Point-Of-Use Disinfection of Drinking Water using Cationic Antimicrobial Surface Coatings
Abstract:One of the most pressing challenges of our time is securing safe water and sanitation to the billions who lack access. Point-of-use (POU) drinking water treatment devices are a promising way to provide water of improved microbial quality where centralized water treatment and distribution infrastructure is unavailable or mismanaged. A promising new potential technology for POU water treatment is antimicrobial filtration using quaternary ammonium silane (QAS) covalently bound to filtration media. These coatings are inexpensive, easy to apply, robust, and effective antimicrobial agents with the potential to be regenerated. Here we evaluate the performance of sands coated with dimethyloctadecyl [3-(trimethoxysilyl)propyl] ammonium chloride at filtering E. coli. Up to 6.1 log removal of E. coli was observed for coated sands, compared to no removal in columns containing uncoated sand. Removal is dependent on filter depth, but insensitive to flow velocity.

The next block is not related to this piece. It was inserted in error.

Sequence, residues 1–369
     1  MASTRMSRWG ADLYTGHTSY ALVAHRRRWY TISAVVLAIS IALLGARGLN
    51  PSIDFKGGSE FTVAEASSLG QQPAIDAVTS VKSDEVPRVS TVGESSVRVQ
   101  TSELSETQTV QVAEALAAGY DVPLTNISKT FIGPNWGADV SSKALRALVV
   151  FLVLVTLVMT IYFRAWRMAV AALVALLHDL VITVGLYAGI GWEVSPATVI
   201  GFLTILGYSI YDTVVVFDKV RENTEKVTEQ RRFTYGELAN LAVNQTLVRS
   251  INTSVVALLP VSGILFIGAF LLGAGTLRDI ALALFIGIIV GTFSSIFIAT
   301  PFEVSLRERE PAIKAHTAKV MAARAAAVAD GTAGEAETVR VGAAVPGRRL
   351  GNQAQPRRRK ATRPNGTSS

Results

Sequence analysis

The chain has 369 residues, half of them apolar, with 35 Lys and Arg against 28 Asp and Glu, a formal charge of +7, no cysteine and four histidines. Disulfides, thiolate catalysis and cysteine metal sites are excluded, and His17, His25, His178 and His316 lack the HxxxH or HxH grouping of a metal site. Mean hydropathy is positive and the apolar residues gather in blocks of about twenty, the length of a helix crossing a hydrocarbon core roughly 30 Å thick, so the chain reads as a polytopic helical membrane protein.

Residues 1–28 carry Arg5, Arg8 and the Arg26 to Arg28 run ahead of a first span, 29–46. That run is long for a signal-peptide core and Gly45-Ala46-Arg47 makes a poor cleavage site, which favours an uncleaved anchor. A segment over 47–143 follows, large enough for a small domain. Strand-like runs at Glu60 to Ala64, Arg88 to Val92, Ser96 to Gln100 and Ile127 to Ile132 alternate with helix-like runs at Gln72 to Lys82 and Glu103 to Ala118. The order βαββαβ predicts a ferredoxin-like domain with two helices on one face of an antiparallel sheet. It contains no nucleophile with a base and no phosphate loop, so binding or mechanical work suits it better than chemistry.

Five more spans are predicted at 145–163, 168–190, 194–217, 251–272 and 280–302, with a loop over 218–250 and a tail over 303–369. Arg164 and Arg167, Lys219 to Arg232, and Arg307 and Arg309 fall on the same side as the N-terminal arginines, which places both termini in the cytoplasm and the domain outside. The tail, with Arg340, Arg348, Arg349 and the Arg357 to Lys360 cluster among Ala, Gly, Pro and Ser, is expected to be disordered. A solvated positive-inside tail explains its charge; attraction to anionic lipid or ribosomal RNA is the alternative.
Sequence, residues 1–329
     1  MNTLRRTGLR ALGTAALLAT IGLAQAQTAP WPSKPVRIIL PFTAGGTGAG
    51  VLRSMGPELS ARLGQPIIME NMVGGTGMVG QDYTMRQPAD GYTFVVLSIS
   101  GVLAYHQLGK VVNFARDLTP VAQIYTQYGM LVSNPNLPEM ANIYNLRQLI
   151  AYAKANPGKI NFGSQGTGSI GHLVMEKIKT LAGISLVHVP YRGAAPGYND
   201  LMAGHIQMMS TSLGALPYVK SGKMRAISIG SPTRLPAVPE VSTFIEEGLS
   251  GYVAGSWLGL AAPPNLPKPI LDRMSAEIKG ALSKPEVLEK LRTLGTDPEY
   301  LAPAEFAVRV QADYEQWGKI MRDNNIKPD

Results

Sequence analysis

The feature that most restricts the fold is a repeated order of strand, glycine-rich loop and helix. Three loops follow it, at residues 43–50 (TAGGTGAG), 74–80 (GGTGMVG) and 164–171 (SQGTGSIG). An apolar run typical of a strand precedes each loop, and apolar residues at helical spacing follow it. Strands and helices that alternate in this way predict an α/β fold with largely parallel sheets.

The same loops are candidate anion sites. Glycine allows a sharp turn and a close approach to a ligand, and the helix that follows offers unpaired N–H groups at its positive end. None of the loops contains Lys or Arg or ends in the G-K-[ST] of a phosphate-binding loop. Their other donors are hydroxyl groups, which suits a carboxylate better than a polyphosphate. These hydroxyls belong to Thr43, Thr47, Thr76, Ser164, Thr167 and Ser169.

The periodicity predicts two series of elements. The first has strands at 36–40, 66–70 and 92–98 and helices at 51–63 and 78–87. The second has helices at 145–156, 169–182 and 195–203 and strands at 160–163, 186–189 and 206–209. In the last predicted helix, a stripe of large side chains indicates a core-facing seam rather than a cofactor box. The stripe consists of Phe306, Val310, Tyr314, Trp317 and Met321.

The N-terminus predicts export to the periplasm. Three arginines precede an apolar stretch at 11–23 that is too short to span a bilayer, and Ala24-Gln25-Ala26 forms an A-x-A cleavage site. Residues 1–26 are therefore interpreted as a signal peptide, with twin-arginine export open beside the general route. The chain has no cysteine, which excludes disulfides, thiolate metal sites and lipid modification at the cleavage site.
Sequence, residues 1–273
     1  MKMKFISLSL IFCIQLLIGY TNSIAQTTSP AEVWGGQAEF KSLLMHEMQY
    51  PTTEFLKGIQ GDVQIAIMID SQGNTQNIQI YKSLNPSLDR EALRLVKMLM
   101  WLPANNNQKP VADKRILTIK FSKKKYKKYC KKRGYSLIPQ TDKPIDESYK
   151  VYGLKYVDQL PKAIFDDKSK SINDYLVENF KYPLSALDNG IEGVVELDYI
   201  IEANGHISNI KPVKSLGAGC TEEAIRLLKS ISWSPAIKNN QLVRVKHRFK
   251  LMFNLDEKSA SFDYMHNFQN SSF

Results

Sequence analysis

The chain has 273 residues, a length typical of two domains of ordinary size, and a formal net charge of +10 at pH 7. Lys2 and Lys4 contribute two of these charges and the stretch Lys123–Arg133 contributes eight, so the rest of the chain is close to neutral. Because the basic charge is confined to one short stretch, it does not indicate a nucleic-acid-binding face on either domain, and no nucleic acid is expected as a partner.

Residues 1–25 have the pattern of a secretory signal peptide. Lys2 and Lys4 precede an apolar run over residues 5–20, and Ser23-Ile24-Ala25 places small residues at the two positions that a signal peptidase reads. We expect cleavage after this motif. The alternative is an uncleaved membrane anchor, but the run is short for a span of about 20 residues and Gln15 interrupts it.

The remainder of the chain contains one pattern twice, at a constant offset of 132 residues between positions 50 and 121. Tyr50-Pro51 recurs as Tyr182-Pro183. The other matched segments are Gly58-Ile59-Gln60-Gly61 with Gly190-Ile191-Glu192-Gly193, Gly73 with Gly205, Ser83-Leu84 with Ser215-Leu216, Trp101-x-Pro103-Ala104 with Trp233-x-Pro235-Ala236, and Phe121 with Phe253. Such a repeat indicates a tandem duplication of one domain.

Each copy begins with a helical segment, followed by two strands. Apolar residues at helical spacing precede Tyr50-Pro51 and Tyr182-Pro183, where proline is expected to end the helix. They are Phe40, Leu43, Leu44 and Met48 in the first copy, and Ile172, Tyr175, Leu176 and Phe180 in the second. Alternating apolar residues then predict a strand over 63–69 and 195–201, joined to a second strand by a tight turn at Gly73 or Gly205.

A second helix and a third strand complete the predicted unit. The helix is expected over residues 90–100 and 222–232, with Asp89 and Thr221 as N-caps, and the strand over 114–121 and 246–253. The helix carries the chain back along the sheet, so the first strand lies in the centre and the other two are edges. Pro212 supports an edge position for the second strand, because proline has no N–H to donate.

Document Type: Research Article
Publication date: January 1, 2009
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